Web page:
* Warm weather in U.S. Plains raises worries for wheat crop
* Traders await USDA crop data due out Wednesday
* Exporters sells U.S. soybeans to China, unknown destinations (Adds closing prices)
By Tom Polansek
CHICAGO, March 8 (Reuters) - U.S. grain futures edged higher on Tuesday on concerns that unfavourable crop weather could threaten domestic production, as markets temporarily shook off the weight of massive global inventories.
Technical buying and short covering ahead of a monthly U.S. Department of Agriculture report on Wednesday helped fuel the gains, traders said.
Wheat traders were watching weather forecasts as above-normal temperatures in recent weeks have brought the crop grown in the Great Plains out of dormancy earlier than normal, leaving plants vulnerable to damage if a late-spring freeze hits the region.
Some corn and soybean traders also were worrying about the weather, even though most farmers will not begin planting the crops for weeks.
“Corn bulls are keeping an eye on U.S. weather as many inside the trade start to worry about pockets of dry conditions in the southwest Plains and problems with too much rainfall and flooding in parts of the Delta,” said Kevin Van Trump, president of Missouri-based consultancy Farm Direction.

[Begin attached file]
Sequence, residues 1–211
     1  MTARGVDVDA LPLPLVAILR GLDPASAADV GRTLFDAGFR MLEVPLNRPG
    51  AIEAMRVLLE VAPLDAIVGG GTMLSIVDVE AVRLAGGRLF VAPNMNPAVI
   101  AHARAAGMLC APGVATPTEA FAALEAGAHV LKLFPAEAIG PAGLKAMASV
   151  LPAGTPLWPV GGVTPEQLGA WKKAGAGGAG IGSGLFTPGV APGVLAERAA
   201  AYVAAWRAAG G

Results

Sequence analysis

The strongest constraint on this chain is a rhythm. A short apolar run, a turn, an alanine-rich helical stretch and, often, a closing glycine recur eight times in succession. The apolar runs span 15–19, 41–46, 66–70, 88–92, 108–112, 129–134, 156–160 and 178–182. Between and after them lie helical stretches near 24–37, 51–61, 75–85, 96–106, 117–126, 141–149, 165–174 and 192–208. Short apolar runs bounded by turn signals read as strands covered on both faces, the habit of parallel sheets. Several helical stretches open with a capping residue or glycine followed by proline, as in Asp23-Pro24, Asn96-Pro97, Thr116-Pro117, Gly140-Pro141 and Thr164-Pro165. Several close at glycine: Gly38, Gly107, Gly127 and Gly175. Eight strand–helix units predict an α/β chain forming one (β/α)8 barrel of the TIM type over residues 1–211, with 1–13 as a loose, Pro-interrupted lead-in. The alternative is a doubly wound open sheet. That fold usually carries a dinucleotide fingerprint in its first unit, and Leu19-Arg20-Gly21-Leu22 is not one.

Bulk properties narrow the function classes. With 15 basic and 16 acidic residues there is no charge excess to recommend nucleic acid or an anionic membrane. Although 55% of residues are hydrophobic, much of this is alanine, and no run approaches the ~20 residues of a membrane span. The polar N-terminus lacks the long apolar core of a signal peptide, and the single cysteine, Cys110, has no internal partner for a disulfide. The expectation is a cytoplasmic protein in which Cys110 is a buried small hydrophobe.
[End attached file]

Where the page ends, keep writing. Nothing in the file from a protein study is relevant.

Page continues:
The Chicago Board of Trade’s most-actively traded May corn contract ended up 1-1/2 cents at $3.60-1/2 a bushel after reaching its highest price since Feb. 25.
Most-active May wheat rose 2-1/2 cents to $4.65-1/4 a bushel, while May soybeans edged up 2-3/4 cents to $8.84-1/2 a bushel. On Monday, the May contracts reached their highest levels since Feb. 22 after U.S. data showed investors had built up short positions.
The weather-fueled gains will likely be short-lived, with a return to $4 a bushel in corn looking “like a million miles away,” Van Trump said. Corn prices have dropped by half in the past three years as large harvests have built up supplies.
On Wednesday, traders expect the USDA to further increase its estimates for global corn and soybean inventories from February.
Yet, concerns about massive supplies may already be factored in to the markets, said Rich Nelson, chief strategist for Illinois-based brokerage Allendale.
“In general a lot of people questioning whether we need to be down at these prices,” Nelson said.
The USDA on Tuesday said private exporters struck deals to sell 110,000 metric tons of U.S. soybeans to top importer China for delivery during 2016/2017 marketing year, which began on September 1. Exporters also reported sales of 140,000 metric tons of U.S. soybeans for delivery to unknown destinations.
Additional reporting by Michael Hogan in Hamburg and Colin Packham in Sydney; Editing by Diane Craft and Alan Crosby